At the same time, inflation, the metric that is causing a lot of worries globally, is being kept at bay. The IMF forecast is a 3.7% change in consumer prices this year and 2.8% in 2023, a justly adequate level. It is worth reminding that in 2019, the UAE plunged into outright deflation, with the primary reason being falling rents amid the oversupply of property. Deflation persisted in 2020 principally due to the coronavirus restrictions imposed which dented global travel and also resulted in the departure of foreign workers. Nevertheless, the Emirates finally escaped the deflationary spiral, staging a solid recovery from the Covid recession in 2021, benefiting from tourism revival and oil revenues climbing higher.
Inflation and the robustness of the national currency are intimately intertwined. Higher prices mean higher rates, which should bolster demand for sovereign debt and support FX gains. However, the UAE investors should remember that the dirham is pegged to the U.S. dollar, thus with American interest rates creeping higher, the possibility that the Emirates' central bank will follow the suit increases inevitably. It has just hiked the rate by 75 bps, mimicking the Fed's recent historical decision.
Overall, we see the UAE's economy advancing at a healthy pace, with the consumer prices changing comfortably, at least for now. That is a supportive backdrop for the financial sector, the one the UAE fund has invested heavily in, with an over 47% allocation, and First Abu Dhabi Bank alone accounting for a massive 23.1% of the net assets. Communications are in second place, with Emirates Telecom being the key position with a 20.5% weight.
As the credit demand in the UAE has been on the boil this year, the conditions for the Emirates' banks look opportune. However, we see that this alone is not enough for investor optimism, as the price of the ADX-quoted shares of First Abu Dhabi Bank has been slipping almost incessantly since April, down ~11% in three months; the sector median price performance is (16.2)%, so its case is not unique. For context, the bank is trading with a TTM P/E of ~14.2x, while the financial sector median is 9.44x.
Though deemed as a possible beneficiary of the oil price remaining higher for longer, this year, UAE has not delivered a return that would vividly illustrate that the demand for crude contributes much to its appreciation. We see the fund's price has declined by 1.7% since the beginning of the year, while Exxon Mobil (XOM), a supermajor highly correlated with the petroleum price, has risen by almost 41%.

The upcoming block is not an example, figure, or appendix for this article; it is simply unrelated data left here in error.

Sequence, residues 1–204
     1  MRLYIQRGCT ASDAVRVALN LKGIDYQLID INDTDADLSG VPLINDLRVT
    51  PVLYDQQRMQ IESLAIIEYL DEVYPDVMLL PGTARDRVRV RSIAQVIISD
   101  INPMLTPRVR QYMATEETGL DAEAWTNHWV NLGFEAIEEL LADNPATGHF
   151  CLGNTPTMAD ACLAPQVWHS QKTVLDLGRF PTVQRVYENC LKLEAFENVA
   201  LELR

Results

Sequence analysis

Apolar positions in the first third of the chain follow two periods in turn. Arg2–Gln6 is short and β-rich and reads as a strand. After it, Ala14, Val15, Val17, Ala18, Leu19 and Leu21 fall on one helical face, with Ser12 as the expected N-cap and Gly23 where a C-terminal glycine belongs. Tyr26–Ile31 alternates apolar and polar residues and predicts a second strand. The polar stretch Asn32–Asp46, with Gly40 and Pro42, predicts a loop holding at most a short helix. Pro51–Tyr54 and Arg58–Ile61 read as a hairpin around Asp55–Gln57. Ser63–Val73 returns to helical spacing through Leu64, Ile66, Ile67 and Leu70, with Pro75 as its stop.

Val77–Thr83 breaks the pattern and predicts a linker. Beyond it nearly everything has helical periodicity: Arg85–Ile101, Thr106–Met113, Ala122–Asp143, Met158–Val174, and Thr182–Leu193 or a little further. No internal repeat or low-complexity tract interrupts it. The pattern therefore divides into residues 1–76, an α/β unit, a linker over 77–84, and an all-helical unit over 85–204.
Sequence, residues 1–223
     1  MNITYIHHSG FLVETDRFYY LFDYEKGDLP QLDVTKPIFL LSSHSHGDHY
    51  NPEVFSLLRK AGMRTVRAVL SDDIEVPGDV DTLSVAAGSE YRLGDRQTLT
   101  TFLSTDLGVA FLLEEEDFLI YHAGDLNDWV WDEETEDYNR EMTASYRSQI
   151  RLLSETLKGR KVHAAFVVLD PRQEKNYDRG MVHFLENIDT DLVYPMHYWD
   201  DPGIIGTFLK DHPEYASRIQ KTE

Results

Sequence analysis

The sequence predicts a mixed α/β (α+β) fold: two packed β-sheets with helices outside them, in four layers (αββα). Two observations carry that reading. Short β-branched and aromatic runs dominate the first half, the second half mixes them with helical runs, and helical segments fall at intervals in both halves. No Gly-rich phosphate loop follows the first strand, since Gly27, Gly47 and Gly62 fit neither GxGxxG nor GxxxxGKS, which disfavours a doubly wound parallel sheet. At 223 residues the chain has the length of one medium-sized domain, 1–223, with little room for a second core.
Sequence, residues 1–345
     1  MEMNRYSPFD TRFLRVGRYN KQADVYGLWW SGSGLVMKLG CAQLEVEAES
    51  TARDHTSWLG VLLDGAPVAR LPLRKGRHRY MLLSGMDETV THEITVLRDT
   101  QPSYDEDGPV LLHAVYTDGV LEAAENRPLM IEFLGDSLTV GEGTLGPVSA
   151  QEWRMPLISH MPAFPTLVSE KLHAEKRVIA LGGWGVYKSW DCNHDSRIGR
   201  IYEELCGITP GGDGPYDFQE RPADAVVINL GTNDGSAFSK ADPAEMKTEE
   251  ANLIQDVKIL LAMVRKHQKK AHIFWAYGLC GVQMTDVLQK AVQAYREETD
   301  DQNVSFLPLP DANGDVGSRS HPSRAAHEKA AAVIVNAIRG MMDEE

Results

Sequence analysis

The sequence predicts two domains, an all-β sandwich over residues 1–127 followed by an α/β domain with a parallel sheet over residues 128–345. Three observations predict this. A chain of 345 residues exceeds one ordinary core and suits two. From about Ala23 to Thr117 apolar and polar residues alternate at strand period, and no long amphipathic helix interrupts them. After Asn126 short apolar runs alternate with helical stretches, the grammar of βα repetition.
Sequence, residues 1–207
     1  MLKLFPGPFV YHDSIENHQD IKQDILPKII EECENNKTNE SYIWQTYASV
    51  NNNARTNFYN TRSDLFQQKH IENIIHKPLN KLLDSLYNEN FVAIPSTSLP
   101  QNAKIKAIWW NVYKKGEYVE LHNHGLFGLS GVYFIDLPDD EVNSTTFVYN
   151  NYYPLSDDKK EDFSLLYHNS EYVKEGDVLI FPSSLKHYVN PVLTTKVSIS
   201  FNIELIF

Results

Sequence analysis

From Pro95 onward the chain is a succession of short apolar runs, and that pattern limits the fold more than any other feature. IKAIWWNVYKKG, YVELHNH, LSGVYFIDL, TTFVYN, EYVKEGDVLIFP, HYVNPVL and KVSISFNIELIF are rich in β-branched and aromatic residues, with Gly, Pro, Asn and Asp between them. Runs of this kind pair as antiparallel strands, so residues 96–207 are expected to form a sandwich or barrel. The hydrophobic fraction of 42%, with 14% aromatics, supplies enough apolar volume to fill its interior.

Oddly enough, we also do not see even double-digit gains from KSA, which is up ~3.8%. That is to say, I am strongly against treating UAE and KSA as funds simply for exposure to the oil price dynamics, and, hence, a bet on the supply/demand imbalances to continue.
Speaking of historical risk-adjusted returns, the Sortino ratio the fund delivered over the May 2014 - May 2022 period is 0.06. The optimal level is 2. IVV's result over the same period is 1.63. And that is even despite UAE's wild run last year, when it rewarded investors with an over 44% total return.
Also, in 2020, the ETF faced a 3-year max drawdown of almost 50% compared to IVV's 33.9%, so we had already seen the downsides of its top-heavy strategy amid the global economic slump.
The UAE demonstrated an objectively low correlation with the U.S. market (a 0.43 coefficient based on daily returns since May 2014), which adds to its allure in an environment where the woes of investors in expensive equities are seemingly far from over as the Fed is walking the walk.
However, as flagged above, the ETF's historical risk-adjusted returns are merely lackluster, and the drawdown it faced in 2020 is clearly horrible. Thus, there is a risk that if global economic conditions deteriorate further, the UAE price will be disproportionately affected.
Also, we are already noticing signs of oil demand suppression by means of lowering the supply of capital. This is bearish for crude benchmarks globally, and, though indirectly, also bearish for the UAE and KSA ETFs, due to the countries' dependence on petroleum revenues. Considering all these risks and downsides, UAE is a Hold.